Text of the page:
Ole Miss star shows courage after tragedy
Published: Friday, July 28, 2006 at 6:01 a.m.
Last Modified: Friday, July 28, 2006 at 12:00 a.m.
There was only a slight welling of the eyes as he talked behind a table. Maybe he's all cried out.
"I really don't want to talk about that," he said softly into the microphone.
He didn't have to. Just the fact that he was here, willing to expose his feelings like a raw nerve in front of the glare of SEC Media Days said a lot about Patrick Willis.
The Mississippi linebacker, the only unanimous choice on the coaches' pre-season All-SEC team, a guy who led the league in tackles a year ago despite a bum wrist and an aching ankle, showed his toughness just by showing up.
Just 12 days ago, his brother Detris, a 17-year old getting ready for the first day of practice at Hollow Rock-Bruceton Central High in Tennessee, drowned in a gravel pit while swimming with friends.
Willis got the call from another of his seven brothers while heading to the training room in Oxford.
"Maybe it's just a rumor," his brother said.
"Calm down," Patrick said.
An hour later, it was no longer a rumor.
"Patrick, it's true."
He couldn't believe what he was hearing. The oldest child of the family, whose mother left when he was a young boy, suddenly had a hole in his heart.
"I couldn't believe it," he said. "His first day of practice was later that day."
And so when the second day of the annual media event started with an announcement of a change in which players would be brought to Hoover, we all assumed it would be Patrick Willis bowing out. And who could blame him?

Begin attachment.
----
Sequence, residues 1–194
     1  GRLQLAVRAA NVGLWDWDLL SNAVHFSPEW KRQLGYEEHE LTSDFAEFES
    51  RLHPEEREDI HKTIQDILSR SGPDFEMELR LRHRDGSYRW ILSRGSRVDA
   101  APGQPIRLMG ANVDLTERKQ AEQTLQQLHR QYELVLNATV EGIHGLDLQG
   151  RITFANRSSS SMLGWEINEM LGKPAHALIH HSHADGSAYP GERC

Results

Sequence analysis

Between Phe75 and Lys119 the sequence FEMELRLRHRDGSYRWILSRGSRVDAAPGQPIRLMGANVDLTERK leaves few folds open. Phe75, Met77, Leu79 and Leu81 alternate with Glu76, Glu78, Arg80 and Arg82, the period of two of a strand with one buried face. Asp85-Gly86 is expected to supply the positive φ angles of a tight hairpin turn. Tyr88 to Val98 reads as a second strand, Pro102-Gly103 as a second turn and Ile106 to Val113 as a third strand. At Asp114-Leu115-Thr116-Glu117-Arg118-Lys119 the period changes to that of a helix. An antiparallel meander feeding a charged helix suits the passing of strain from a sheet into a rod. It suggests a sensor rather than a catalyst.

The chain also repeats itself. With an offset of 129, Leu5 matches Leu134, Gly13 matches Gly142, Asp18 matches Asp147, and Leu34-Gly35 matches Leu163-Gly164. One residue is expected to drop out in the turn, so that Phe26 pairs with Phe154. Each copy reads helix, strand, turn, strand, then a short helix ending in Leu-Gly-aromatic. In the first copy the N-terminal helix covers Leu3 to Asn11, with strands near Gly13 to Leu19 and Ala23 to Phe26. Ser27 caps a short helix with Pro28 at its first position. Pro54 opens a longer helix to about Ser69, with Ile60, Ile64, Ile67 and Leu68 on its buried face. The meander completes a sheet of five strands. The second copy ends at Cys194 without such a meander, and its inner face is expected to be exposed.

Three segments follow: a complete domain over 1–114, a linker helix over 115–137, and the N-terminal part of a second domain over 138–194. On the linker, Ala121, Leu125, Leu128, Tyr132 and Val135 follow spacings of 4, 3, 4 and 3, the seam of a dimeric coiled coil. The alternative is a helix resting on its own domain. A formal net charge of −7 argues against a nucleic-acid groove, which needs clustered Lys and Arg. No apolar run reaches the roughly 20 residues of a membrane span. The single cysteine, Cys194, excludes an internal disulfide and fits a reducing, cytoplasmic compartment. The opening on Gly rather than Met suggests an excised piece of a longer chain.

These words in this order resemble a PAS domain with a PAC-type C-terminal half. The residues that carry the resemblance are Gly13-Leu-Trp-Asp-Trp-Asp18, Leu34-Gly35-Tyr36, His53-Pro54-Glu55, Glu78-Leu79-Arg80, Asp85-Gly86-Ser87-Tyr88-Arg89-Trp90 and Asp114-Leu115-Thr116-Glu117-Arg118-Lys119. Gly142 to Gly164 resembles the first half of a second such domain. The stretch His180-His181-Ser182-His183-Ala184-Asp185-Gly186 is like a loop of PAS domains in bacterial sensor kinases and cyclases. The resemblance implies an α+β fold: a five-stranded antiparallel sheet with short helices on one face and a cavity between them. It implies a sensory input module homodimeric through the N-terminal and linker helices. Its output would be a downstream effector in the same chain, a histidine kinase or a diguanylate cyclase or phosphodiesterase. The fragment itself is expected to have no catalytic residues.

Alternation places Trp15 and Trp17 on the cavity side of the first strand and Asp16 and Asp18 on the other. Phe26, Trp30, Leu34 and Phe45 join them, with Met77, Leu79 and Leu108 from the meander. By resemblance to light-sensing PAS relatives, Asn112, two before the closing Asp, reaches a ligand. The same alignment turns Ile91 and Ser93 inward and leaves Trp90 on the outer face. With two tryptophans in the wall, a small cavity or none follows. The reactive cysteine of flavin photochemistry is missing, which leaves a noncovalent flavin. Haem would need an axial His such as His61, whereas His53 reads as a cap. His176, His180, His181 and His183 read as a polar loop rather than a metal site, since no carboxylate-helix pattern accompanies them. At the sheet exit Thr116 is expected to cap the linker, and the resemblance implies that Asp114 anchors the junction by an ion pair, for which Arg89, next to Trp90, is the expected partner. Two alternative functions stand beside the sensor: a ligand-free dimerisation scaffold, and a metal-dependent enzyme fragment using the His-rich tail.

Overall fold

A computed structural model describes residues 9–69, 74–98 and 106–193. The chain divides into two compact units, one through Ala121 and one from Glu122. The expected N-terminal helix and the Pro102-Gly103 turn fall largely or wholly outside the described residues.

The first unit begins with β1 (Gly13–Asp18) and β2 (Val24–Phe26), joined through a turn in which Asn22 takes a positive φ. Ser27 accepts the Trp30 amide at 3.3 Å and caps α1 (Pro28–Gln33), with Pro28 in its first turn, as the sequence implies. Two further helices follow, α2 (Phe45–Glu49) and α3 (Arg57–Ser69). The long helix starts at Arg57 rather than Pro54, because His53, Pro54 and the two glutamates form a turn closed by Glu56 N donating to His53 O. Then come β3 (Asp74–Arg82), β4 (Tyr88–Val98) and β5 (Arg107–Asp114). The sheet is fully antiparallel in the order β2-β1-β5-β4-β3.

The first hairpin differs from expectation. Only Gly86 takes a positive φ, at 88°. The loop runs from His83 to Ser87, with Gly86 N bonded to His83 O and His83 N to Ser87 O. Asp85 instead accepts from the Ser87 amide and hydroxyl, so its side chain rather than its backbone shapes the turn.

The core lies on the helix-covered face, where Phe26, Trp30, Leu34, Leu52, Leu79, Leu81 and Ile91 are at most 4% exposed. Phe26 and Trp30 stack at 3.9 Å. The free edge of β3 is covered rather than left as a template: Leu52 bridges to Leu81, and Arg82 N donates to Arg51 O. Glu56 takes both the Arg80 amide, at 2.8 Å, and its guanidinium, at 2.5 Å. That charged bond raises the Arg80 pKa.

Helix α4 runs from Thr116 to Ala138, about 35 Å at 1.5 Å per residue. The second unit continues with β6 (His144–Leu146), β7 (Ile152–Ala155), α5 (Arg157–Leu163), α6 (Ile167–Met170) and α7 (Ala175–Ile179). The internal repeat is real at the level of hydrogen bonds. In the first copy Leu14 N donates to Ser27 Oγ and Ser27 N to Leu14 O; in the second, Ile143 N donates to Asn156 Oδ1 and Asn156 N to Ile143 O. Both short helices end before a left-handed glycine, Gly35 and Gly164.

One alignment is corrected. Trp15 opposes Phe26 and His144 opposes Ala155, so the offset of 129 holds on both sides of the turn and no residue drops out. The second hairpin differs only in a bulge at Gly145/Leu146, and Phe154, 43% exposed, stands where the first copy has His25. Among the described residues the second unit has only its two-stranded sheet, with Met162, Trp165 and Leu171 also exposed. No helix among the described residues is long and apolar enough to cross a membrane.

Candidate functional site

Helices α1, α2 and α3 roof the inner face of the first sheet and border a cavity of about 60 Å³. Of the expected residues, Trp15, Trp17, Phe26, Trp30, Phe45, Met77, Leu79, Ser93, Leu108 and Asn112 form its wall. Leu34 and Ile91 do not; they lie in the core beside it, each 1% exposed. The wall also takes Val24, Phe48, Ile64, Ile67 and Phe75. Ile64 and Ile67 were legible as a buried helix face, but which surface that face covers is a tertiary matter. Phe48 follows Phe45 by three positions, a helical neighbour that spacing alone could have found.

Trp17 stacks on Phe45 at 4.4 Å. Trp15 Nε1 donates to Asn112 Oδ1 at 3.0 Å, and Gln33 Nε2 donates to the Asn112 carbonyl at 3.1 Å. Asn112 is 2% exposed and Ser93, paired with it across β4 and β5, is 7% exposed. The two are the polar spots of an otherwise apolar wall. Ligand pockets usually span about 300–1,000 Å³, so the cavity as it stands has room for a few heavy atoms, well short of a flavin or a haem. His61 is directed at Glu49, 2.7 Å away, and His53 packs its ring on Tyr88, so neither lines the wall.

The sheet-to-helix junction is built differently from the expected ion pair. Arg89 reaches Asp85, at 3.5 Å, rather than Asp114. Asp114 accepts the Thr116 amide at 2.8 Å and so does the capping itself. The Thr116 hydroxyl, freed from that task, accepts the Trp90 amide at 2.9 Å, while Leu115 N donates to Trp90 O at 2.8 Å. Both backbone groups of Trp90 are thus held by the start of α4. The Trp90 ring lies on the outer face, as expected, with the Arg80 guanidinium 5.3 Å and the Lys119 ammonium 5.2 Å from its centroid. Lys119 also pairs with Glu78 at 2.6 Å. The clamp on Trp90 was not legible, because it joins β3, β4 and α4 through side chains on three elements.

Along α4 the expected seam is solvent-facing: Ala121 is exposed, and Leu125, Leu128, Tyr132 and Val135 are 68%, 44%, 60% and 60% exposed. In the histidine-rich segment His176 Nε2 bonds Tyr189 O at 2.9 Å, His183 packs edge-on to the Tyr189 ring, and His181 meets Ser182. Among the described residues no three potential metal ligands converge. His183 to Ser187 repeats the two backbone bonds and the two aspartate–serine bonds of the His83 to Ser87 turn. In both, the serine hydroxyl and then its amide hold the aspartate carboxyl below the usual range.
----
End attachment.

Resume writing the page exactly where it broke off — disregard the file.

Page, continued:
Instead, he sat there answering the tough questions about losing someone so close to him, losing a piece of himself.
"I know that my brother would want me to continue," he said. "That's one of the things we always talked about, no matter what the circumstances are just pray and continue to work."
But there was so much left unsaid.
He wanted to tell Detris so much, but now he was gone. He delivered the eulogy in Bruceton, saying an emotional goodbye.
"I didn't think I would say anything," Willis said. "I just got up there and talked about how I always kept him in my heart.
"I never got a chance to tell him that I know you want to do the things that you do, want to be like me. But I should thank you because you help me do the things I do."
The tragedy stunned the Ole Miss family. You think those kind of things happen to other people and then it hits home with a ferocious slap.
Your leader, your star, your best player.
You don't know what to say.
"We were at the funeral with Patrick," said Rebels coach Ed Orgeron. "He handled it about as well as could be expected. Patrick is unusually tough and mature. He's put it behind him.
"Patrick has an unusual inner fire to himself. I do believe he's a young man that's mature enough to turn a negative into a positive situation. I think he just can't wait to get on the football field and let some of that out."
On this day, he kept it in. He talked about his brother in glowing terms, the kid with a great sense of humor, the kind of humor Willis himself showed when he walked into Orgeron's office after last season and told his coach he was turning pro.
When he got to the door, he turned around, smiled and said, "I don't believe you don't have more faith in me."
Orgeron just laughed and said, "Why'd you do that to me?"
He knew he wasn't ready for the NFL. He certainly wasn't ready to lose a brother.
Willis will carry the memory with him forever, but he has no plans to wear a memorial on his uniform.
"I'll keep him in my heart," he said. "There's no better place to keep him than that."
A few days after the funeral, he found out that when his mother left she was pregnant. The two boys he thought were half-brothers were actually his brothers.
His family suddenly grew. But it will never again be whole.
Contact Pat Dooley at 374-5053 or firstname.lastname@example.org. Dooley's columns appear Tuesday, Thursday, Saturday and Sunday.
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